Baji: The Fierce Art of Eight Extremes

Baji, or Baji Quan (八极拳), is a traditional Chinese martial art renowned for its explosive power and close-range combat techniques. Often translated as “Eight Extremes Fist,” Baji is characterized by its powerful, direct strikes and efficient, practical approach to combat. This blog explores the rich history, etymology, distinctive techniques, and cultural significance of Baji Quan, providing a comprehensive overview of this formidable martial art.

The Origins of Baji Quan

Wu Zhong (L),  Imperial General Qi Jiguang (C), Chong Cang (R)

Baji Quan has deep roots in Chinese martial history, but its definitive origins remain up to debate. The art was traditionally passed down within families and local communities, with oral transmission and practical training being the primary methods of preservation. This oral transmission from master to disciple is a key characteristic of Chinese culture, especially in martial arts. Therefore, any of these theories could be possible:

Ming Dynasty Theory

One theory suggests it originated in the Ming dynasty, as “Ba Zi Quan,” now known as “Ba Ji Quan,” is mentioned in Qi Jiguang’s “New Book of Effective Discipline.”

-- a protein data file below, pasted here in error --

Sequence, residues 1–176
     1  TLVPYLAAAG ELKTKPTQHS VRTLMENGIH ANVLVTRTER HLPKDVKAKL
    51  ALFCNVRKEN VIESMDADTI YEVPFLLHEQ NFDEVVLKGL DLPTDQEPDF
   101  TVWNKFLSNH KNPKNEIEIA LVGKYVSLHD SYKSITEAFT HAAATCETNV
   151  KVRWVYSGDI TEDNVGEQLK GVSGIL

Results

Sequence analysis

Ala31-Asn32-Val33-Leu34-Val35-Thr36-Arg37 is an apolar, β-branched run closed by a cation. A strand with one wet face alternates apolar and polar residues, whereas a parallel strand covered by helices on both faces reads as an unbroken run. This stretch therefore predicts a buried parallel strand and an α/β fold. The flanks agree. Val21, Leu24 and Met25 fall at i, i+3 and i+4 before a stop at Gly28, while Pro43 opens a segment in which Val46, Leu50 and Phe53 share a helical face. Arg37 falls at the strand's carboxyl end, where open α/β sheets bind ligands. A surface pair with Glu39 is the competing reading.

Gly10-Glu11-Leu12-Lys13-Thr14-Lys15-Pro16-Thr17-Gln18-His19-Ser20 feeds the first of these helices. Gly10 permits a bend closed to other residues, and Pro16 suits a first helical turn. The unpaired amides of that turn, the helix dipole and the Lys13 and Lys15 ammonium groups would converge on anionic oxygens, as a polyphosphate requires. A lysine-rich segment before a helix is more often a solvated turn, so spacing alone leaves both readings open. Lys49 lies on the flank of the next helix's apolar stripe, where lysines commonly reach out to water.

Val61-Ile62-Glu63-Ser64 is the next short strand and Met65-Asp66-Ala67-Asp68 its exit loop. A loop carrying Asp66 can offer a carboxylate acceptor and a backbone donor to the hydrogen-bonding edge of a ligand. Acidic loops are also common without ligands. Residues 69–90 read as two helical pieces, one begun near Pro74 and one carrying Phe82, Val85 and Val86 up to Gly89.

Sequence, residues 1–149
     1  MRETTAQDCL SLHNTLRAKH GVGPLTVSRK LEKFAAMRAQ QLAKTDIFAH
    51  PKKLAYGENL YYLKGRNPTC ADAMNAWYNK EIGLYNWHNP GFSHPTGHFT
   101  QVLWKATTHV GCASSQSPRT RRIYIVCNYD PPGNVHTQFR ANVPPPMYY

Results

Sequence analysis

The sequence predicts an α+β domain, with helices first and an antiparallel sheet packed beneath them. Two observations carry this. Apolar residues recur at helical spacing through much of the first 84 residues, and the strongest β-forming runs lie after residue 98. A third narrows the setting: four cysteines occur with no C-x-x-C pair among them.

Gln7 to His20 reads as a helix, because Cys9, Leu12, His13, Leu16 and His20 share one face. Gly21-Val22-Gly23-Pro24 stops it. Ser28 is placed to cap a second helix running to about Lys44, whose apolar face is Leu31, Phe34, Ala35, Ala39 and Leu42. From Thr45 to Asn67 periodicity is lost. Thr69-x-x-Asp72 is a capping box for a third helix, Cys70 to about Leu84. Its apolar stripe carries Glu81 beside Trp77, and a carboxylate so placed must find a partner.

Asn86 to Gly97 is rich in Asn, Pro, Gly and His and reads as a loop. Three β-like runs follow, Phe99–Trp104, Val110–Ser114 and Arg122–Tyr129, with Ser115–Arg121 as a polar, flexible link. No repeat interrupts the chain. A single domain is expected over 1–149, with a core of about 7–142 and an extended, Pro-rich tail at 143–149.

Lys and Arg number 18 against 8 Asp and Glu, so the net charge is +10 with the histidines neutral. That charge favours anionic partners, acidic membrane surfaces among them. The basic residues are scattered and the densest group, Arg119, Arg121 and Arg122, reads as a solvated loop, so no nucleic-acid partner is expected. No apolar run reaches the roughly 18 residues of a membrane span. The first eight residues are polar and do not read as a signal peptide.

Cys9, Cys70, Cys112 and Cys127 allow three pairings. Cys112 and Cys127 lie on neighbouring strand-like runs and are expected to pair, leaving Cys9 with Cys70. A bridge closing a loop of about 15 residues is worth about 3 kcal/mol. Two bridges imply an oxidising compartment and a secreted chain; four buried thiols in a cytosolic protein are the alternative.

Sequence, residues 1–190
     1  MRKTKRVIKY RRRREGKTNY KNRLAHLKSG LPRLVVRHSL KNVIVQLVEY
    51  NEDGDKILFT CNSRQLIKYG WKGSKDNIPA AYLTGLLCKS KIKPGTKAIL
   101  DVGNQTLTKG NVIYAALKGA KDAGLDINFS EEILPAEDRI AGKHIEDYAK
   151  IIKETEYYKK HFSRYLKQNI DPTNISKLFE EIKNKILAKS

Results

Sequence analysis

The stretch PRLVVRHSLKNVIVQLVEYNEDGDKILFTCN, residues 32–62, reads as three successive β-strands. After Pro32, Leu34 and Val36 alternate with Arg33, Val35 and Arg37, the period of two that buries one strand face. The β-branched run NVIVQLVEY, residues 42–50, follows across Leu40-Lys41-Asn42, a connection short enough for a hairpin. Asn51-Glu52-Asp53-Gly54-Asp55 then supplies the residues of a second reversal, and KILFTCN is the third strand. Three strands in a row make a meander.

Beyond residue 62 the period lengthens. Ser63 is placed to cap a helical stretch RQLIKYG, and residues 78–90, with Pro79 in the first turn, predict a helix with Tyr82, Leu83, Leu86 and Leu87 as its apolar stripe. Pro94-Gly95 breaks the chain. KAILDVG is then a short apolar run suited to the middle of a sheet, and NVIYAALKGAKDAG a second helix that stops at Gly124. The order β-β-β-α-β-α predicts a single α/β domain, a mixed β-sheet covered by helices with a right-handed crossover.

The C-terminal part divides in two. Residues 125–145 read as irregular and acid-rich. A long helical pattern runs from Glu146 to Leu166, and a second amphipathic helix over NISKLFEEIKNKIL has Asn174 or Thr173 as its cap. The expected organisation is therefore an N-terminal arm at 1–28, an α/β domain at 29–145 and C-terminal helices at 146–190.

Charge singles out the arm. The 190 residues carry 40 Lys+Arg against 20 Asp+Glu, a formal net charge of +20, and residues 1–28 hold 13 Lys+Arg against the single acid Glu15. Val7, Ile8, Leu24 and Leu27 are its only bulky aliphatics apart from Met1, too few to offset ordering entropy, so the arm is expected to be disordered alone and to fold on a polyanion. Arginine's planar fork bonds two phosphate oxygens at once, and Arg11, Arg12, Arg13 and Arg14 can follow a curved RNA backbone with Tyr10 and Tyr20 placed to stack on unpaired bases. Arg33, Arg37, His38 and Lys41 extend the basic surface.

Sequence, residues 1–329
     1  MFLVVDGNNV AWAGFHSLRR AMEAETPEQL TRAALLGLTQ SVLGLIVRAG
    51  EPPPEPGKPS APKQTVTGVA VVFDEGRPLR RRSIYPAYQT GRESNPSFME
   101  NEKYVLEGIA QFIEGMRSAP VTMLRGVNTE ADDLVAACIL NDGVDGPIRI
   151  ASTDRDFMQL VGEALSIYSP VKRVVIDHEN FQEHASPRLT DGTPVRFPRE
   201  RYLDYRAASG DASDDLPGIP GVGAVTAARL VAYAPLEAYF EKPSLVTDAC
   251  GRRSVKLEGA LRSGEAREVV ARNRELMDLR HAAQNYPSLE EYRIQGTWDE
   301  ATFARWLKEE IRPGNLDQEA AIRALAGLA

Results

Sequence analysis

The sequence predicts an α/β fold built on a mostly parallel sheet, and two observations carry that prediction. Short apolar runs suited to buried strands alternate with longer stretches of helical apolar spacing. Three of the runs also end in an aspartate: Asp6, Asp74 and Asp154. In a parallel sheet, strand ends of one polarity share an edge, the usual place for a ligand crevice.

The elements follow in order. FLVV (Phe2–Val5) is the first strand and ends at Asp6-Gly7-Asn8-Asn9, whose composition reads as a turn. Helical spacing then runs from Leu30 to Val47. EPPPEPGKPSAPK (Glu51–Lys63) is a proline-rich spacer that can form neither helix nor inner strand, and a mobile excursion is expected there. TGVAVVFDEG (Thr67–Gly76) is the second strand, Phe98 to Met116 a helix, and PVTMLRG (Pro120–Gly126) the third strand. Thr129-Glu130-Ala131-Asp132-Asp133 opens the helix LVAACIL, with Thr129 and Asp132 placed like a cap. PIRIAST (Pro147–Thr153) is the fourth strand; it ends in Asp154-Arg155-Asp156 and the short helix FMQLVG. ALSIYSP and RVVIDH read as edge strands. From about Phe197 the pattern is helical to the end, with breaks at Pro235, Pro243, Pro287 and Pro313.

Creation by Cang Gong

Another theory is that it was created by Chong Cang, the second abbot of Yue Shan Temple in Jiaozuo, Henan, during the Southern Song dynasty. He combined Shaolin martial arts taught by Master Kongxiang to establish Ba Ji Quan, which became known as “Yue Shan Ba Ji Quan.”

Creation by a Taoist Priest

A third theory, and possibly the most well known, attributes its creation to a wandering expert known as “Lai” during the late Ming dynasty, who later passed it down to Wu Zhong, a martial artist who developed and spread the art based on his extensive knowledge and experience.

Baji Quan’s development was significantly influenced by its use in military training. The martial art’s emphasis on powerful strikes and practical combat techniques made it a preferred choice for bodyguards and soldiers. Over time, Baji Quan gained a reputation for its effectiveness in real-world combat situations, further solidifying its place in Chinese martial arts history.

Etymology and Symbolism of “Baji”

The Term “Baji”

Baji (八极): The term “Baji” combines two Chinese characters: “Ba” (八), meaning “eight,” and “Ji” (极), meaning “extremes” or “extremities.” Together, they can be interpreted as “Eight Extremes” or “Eight Polarities.”

“Beyond the nine provinces are the eight guardians, beyond the eight guardians are the eight directions, and beyond the eight directions are the eight extremes.”

Han Dynasty text “Huainanzi” by Liu An

Here, the “eight extremes” represent the farthest reaches. The name “Ba Ji Quan” similarly aims to train disciples to reach the utmost limits of Ba Ji Quan’s force.

Significance of “Eight” (八, Ba)

Body Points: In the context of Baji Quan, the “eight” refers to eight key body points used in combat: head, shoulders, elbows, hands, buttocks, kua (hips), knees, and feet. These points are crucial for generating power and executing techniques.

Eight Polar Directions: The term also implies movement and force extending in eight directions, symbolizing comprehensive coverage and adaptability in combat.